During the busy drawing time, I usually keep a nature handbook and field guide open on my lap under the table. I glance down at information that I put into my own words, casually sharing with the children as if I am an uncommonly knowledgeable mother!
Setting aside regular school time for nature study is helpful. On these Nature Study days my children welcome what seems to be "free time" in between more bookish learning.
But special nature study lessons aren't always necessary. As you know, children will discover toads, butterflies, beetles, earthworms, robins, thistles, squirrels, mushrooms, berries, and run into thorn bushes on their own, without any prodding from us.
In summer, the screen door bangs shut as they enter the kitchen with bright red scratches, bee stings, their clothes covered with grass stains and stick-tight seeds, to show you their treasures.
I can remember, when we lived in the hot south, chasing a Blue-tailed Western Skink around our living room floor with a battered butterfly net. The children had such fun, laughing in the excitement, but I wasn't laughing. To my great relief, this foot-long lizard was finally contained in a mop bucket and drawn into our Nature Notebooks. It proved to be a colorful and impressive entry.
According to Charlotte Mason's recommendations, all illustrations should include captions: the Latin name of the specimen as well as its familiar name. A flower and bird list can be kept at the back of the Notebook as well as other lists which may interest the individual child -- fungi, insects, fossils, etc. These lists are best kept in neat columns, with the name and date of the find all on one line. It's a pity to limit Nature Notebooks to any one subject whether it be all flowers or all birds.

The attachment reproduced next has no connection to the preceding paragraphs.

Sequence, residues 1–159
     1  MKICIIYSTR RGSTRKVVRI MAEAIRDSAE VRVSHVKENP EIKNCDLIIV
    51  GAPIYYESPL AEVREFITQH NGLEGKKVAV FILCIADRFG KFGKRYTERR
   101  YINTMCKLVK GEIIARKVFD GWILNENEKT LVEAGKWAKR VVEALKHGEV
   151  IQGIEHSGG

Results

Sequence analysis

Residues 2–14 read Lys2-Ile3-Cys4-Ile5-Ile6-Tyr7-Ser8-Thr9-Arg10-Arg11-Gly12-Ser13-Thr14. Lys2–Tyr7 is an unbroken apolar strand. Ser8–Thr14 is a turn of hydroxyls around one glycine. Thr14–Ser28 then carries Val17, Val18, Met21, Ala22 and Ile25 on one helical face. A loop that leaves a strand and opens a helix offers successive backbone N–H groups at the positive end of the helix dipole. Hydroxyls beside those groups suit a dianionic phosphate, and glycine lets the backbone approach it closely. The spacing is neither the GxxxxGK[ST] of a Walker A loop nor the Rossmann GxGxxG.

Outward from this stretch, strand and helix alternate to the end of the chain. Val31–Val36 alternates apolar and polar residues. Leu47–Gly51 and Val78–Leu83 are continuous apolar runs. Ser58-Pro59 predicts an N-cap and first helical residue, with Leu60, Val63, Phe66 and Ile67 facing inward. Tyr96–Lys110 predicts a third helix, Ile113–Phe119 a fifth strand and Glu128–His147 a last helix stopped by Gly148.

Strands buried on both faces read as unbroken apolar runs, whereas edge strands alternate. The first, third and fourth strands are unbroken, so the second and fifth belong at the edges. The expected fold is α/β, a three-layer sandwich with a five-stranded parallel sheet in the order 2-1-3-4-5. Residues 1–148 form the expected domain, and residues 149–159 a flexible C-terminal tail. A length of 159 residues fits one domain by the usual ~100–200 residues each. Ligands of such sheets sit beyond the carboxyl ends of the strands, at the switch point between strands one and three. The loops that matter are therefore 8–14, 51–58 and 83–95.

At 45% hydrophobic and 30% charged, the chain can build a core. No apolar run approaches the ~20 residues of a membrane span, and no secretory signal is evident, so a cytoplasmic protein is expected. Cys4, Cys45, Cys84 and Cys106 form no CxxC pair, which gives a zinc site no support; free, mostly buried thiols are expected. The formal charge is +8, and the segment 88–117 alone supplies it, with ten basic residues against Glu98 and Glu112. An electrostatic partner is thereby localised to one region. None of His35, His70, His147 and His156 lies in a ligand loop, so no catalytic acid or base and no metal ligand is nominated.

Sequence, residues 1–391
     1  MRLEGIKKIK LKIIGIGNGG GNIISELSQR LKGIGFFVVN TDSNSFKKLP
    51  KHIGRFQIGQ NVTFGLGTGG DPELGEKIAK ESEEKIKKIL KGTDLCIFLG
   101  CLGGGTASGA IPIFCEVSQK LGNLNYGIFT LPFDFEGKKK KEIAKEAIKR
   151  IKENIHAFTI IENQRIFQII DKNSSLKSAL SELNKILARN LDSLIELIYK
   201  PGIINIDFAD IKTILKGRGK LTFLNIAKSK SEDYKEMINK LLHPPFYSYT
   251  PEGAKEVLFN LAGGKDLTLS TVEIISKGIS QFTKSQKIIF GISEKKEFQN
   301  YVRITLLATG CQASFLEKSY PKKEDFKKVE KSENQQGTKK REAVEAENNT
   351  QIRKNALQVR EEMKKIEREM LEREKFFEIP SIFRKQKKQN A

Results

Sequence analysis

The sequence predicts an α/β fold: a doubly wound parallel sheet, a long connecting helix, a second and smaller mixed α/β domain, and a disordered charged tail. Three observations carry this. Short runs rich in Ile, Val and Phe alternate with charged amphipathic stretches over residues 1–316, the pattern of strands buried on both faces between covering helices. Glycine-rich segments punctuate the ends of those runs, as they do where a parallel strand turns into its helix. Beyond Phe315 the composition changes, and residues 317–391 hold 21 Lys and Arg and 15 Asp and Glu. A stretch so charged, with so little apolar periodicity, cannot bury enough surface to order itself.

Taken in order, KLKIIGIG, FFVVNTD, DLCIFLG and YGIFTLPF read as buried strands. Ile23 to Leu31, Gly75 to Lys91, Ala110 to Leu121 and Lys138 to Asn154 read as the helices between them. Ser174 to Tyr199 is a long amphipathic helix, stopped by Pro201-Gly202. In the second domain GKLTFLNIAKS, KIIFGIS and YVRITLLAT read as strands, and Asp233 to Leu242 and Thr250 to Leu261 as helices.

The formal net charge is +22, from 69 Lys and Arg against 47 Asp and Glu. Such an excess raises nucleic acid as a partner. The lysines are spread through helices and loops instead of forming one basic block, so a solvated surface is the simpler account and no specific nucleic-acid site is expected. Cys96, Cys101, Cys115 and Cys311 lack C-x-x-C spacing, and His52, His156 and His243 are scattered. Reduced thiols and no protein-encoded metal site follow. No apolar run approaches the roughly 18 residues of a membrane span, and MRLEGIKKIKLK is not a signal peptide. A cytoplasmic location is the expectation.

Keeping a Notebook should never be presented as if it were a classroom assignment. We are trying to help our children develop a spirit of joy and praise, admiring God's work in creation. Try to avoid criticism unless it is to give helpful suggestions. These Notebooks, in the words of 19th century naturalist Anna Botsford Comstock, "of whatever quality, are precious beyond price to their owners. And why not? For they represent what cannot be bought or sold--personal experience in the happy word of out-of-doors."
Poetry in Nature
The world is so full of a number of things,
I'm sure we should all be as happy as kings.
-- Robert Louis Stevenson.
Which brings me to the adorning of Nature Notebooks or Nature Diaries with suitable poetry chosen by the student. Poetry or quotations from literature, whether written separately on pages of the Notebook or inserted among the nature notes, are another way to share the beauty of nature. Nature in verse is not hard to find. Here, the student can "make friends" with poets who communicate an appreciation of the aesthetics of God's creation. For example, on the front page of my Notebook I've written the verses of one of my favorite hymns, "This Is My Father's World."
The natural world expresses God's personality in a way we all can comprehend in some measure. Following Charlotte Mason's advice, nature study should be approached with great reverence, for in dealing with birds, animals, and flowers and all other forms of created life, we are perhaps nearer to the Creator than in any other branch of science.
All the information your children are gathering in their nature study lessons, and the habits of observation they are acquiring, will form an excellent foundation for their future scientific education. In the meantime let your children consider the lilies of the field and the fowls of the air.